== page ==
After my interview on ‘Don’t Talk About Your Stocks,’ Andrew pointed me to a strategy he is trading called the DTAYS Quantitative Growth Fund. He was curious to see back tested results. Always looking for new ideas to write and tested, I jumped on it.
Unfortunately, the results will not be exactly as he trades it. Andrew uses the IBD50 as his trading universe. As is the bane to stock researchers, I do not have historical data on the IBD50. One could create some great models using that data. Instead, the test will be on the standard stock universe
Even though I am changing the universe, if the concept works on my general stock universe then it should work on the IBD50. One should be worried if it does not work on a general stock universe.
When I tested several parameters, I bolded, italicized and underlined the parameter that DTAYS uses. Testing timeframe 1/1/2004 to 12/31/2013. Maximum number of open positions (10, 20). When have multiple signals, they are ranked from highest NWEEK return to lowest.
- End of trading week
- NWEEK values of (10,20,30)
- Stock closes at a new NWEEK high of closes. (using weekly bars)
- The return for the last NWEEKs is greater than (20, 30, 40.) (using weekly bars)
- The 21 day moving average of Close*Volume is greater than $15 million. This is used instead of the IBD50. (using daily bars)
- SPY closes above its 100 day MA. (using dailybars)
Stops are evaluated at the close.
- Maximum loss stop of (8, 12)%. (using daily bars)
- Trailing ATR(100)*(3, 5) stop based on highest close since in position. (using daily bars)
The results are pleasantly surprising. For such a simple system, the base system almost matches Buy and Hold but with only 69% exposure. The surprise was a maximum drawdown of only 24%. Drawdowns are usually larger for longer term strategies. The main reason for matching buy and hold is the market timing filter but there appears to be potential here.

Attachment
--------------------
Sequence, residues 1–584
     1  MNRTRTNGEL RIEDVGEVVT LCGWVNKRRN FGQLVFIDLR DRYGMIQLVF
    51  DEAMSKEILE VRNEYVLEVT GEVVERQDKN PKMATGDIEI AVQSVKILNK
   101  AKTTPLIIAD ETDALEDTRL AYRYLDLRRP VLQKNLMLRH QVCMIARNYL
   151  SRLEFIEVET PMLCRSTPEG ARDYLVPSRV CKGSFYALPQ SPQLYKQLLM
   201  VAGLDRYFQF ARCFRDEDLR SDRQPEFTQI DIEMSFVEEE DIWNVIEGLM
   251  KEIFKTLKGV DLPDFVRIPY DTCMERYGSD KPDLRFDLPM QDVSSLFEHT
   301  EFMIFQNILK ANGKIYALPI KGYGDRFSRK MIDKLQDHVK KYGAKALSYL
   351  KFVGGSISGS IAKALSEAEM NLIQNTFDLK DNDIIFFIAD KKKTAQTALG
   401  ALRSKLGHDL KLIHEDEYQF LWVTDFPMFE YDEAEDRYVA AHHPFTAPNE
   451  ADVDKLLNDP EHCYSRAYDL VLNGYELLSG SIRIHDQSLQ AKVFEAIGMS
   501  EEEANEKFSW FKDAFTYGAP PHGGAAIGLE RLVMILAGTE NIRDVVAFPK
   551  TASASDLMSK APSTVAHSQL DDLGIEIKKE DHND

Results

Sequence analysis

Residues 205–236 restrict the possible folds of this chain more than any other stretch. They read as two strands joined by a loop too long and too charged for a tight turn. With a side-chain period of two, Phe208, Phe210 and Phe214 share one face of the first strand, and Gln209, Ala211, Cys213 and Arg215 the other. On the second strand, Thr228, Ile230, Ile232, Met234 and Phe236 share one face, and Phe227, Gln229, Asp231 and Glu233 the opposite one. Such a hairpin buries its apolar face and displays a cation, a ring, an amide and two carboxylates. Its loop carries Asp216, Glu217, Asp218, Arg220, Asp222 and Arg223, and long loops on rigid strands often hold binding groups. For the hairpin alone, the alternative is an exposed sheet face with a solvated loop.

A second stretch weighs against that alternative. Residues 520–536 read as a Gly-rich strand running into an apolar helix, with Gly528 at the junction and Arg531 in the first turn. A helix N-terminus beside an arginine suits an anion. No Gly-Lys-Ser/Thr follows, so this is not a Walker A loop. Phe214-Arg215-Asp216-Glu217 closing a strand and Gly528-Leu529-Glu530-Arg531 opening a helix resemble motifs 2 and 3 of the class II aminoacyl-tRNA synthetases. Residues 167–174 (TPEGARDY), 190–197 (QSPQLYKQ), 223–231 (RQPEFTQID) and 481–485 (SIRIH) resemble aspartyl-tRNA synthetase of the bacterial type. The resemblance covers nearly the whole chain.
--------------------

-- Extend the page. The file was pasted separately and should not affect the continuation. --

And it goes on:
To improve the results, we focus on two things. One, larger position sizes because I find 20 positions too many. Two, larger stops because we want to give the stocks some breathing room.
This gives us some better numbers. So far, the rules have a small edge. The average hold is about 1 to 2 months for the variations.
From my work with Connors Research and a research paper we produced, Historical Volatility: The Holy Grail Found? I know that one should focus on lower volatility stocks when having longer hold periods. We now add that the 100 day Historical Volatility is less than 40.
Now are we getting some good looking numbers from a simple breakout system.
If you’re interested in a spreadsheet of my testing results, enter your information below, and I will send you a link to the spreadsheet. The spreadsheet contains more variations tested along with yearly returns.
Once we added larger stops, the strategy has some promise and I would expect even better results using the IBD50 because IBD has applied their own fundamental and technical filters to them. Adding the rule HV100 < 40, starts making this a viable strategy.
I will be investing this more in future post. Definitely looking for suggestions on what to add to this to improve the results. Thank you Andrew Selby for sharing.